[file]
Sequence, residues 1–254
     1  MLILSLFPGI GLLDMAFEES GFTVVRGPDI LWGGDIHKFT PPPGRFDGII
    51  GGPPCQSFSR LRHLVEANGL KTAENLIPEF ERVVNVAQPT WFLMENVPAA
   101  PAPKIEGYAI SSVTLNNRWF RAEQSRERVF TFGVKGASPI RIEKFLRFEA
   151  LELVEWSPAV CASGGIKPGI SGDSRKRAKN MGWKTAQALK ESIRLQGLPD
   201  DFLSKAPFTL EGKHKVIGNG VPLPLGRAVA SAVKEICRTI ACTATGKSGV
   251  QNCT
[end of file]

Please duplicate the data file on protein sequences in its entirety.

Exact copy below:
Sequence, residues 1–254
     1  MLILSLFPGI GLLDMAFEES GFTVVRGPDI LWGGDIHKFT PPPGRFDGII
    51  GGPPCQSFSR LRHLVEANGL KTAENLIPEF ERVVNVAQPT WFLMENVPAA
   101  PAPKIEGYAI SSVTLNNRWF RAEQSRERVF TFGVKGASPI RIEKFLRFEA
   151  LELVEWSPAV CASGGIKPGI SGDSRKRAKN MGWKTAQALK ESIRLQGLPD
   201  DFLSKAPFTL EGKHKVIGNG VPLPLGRAVA SAVKEICRTI ACTATGKSGV
   251  QNCT